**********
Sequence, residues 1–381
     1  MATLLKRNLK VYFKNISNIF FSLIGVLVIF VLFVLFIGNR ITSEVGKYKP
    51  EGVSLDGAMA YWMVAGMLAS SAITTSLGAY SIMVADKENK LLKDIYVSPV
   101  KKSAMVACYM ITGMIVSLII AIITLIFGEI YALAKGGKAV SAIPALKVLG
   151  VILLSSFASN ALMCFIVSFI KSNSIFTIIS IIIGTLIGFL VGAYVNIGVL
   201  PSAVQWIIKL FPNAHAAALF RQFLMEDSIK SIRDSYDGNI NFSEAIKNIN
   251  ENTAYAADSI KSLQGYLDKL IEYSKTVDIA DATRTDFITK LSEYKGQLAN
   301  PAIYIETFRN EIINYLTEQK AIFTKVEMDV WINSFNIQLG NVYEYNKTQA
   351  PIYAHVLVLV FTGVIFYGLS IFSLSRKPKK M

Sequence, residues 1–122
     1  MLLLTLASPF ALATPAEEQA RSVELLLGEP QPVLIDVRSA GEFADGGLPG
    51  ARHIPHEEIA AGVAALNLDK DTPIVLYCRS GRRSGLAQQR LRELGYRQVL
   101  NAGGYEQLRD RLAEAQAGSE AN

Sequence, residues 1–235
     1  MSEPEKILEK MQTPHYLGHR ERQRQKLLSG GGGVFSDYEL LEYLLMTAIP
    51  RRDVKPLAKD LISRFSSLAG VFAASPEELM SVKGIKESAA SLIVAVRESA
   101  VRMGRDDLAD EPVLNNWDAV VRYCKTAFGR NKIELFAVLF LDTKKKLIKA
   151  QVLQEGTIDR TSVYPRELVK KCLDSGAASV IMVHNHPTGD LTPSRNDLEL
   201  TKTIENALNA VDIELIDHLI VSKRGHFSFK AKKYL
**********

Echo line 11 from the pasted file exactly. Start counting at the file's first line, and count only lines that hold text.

     1  MLLLTLASPF ALATPAEEQA RSVELLLGEP QPVLIDVRSA GEFADGGLPG